If you’ve ever visited our factory and watched us blow glass, you might have seen the giant barrel of water next to our shop stations, generally right next to the ‘dummy’ - or the steps from which the blower blows.

A humble piece of equipment, to be sure - just a barrel of water filled up with a hose. But this barrel does a couple of things for us.

First and foremost, it allows us to keep the wooden mould we’re using at the time completely soaked. Why do we keep our cherrywood moulds soaked? So that when the screaming hot glass touches it, it doesn’t just spark a fire and ruin all of our hard work! But even more important than that, on our ‘turn’ moulds – the moulds in which the blower turns or spins the hot glass inside the closed mould – that water in the wood creates a pocket of steam that insulates the wet wood from contact with the hot glass. The glass is, in turn, shaped by the steam that takes the contours of the mould between the glass and the wood.

Secondly, though, it’s an awfully handy barrel of water for crackling glass! If you’re a fan of crackled glass, you may have wondered how it is that we create those fine, delicate cracks on the surface of the glass without cracking the glass all the way through. That may even be the very reason why you like crackled glass – that it reminds us of how delicate the medium is!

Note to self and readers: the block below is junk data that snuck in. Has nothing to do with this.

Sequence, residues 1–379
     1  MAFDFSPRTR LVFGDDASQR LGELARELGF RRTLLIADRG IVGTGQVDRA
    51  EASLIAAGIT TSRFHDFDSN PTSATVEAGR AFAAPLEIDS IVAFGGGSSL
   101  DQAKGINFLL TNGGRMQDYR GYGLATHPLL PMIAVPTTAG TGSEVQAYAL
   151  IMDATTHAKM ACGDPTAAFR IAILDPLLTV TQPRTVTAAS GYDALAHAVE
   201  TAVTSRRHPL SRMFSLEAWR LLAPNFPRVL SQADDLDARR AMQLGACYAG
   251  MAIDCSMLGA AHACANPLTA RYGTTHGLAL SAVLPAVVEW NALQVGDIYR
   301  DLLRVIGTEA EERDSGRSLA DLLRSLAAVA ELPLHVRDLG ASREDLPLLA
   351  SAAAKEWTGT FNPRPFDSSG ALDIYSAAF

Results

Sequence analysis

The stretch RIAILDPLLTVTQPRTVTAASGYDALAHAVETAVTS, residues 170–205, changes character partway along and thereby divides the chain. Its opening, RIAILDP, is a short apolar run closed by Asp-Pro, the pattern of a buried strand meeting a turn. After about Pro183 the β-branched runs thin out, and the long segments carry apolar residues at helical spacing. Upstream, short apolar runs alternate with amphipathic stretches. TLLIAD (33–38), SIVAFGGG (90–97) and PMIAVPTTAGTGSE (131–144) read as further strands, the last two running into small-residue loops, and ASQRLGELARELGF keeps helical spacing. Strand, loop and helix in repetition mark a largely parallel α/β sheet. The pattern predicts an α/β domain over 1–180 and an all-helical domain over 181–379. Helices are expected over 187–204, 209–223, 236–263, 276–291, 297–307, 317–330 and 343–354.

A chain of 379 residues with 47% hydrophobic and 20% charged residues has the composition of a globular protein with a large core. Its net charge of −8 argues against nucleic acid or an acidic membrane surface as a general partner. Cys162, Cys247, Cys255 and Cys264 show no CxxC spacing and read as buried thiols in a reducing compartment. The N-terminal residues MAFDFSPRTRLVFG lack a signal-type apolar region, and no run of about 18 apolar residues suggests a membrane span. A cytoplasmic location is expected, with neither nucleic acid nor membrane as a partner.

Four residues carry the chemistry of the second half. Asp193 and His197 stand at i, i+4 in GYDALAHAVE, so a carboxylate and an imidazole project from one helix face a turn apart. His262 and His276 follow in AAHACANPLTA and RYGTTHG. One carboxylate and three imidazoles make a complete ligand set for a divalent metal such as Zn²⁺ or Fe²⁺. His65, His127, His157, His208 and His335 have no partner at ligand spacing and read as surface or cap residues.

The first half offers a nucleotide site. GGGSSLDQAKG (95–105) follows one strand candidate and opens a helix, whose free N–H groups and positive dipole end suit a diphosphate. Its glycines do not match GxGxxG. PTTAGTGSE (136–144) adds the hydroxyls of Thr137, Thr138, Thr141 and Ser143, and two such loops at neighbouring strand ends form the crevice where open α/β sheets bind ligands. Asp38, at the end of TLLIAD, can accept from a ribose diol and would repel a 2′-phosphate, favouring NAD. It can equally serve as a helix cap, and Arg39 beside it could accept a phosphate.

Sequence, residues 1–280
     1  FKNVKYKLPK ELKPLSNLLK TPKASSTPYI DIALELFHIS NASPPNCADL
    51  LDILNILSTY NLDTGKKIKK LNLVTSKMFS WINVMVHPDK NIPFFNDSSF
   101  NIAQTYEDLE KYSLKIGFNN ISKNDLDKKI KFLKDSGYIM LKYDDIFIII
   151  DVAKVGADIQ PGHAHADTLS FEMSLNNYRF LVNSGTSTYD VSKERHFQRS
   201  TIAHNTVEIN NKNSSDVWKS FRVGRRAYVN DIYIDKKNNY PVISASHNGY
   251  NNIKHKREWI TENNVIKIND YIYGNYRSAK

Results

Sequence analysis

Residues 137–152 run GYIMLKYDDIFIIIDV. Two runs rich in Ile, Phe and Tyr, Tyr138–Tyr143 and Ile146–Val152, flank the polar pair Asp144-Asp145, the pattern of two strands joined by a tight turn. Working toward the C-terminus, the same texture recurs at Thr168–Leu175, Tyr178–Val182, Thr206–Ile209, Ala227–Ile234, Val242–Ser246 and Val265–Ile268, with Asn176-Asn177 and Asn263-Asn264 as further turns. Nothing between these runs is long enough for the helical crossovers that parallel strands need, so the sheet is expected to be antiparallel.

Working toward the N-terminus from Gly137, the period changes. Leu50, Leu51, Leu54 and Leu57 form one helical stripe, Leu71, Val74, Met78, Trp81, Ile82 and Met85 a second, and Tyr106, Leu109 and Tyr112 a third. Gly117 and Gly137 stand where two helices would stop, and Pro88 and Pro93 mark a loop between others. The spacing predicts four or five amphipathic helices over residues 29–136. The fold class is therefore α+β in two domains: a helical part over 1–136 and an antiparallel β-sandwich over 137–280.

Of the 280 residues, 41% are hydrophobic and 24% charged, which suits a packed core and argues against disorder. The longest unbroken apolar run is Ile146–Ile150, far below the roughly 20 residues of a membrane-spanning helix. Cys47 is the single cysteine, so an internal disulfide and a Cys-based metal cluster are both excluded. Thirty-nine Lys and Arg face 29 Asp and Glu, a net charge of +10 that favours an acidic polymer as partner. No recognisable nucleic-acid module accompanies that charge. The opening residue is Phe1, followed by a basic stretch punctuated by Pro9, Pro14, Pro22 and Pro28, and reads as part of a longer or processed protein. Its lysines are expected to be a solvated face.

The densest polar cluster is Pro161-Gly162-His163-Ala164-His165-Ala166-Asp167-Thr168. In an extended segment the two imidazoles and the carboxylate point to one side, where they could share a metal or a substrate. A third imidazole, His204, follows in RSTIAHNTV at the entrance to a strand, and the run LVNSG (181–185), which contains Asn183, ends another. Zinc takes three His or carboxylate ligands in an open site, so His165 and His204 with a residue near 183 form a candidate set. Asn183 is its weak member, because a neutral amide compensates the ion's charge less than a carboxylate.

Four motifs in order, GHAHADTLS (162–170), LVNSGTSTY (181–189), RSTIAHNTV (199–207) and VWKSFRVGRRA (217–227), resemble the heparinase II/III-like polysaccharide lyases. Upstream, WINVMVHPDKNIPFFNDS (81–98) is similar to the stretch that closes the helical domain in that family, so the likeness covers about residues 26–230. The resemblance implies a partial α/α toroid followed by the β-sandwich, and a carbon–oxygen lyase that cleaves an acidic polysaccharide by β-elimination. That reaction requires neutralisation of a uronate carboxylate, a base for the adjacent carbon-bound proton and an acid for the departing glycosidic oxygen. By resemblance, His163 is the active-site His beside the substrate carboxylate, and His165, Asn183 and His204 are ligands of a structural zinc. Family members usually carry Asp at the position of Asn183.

In order to get a piece of crackled glass, we blow the hot glass into the mould as we normally do. But then, when we take the glass out of the mould, we plunge it all the way under the water in the barrel. The longer the hot glass piece stays under water, the deeper and more profound the cracks are – but if you dip it in and pull it out really quickly, it takes a fine crackle on the surface of the glass. We run it immediately to the glory hole to reheat the piece, steam off the excess water, and help seal any sharp edges or flaking glass that results from the profound thermal shock of the water barrel.

It does a third service for us, our big barrel of water. It allows us to quickly cool a pipe that has overheated, or, at the end of the shift, allows us to plunge the length of the pipe into the cool water and cool off the pipes enough to clean and store them for the next day’s use!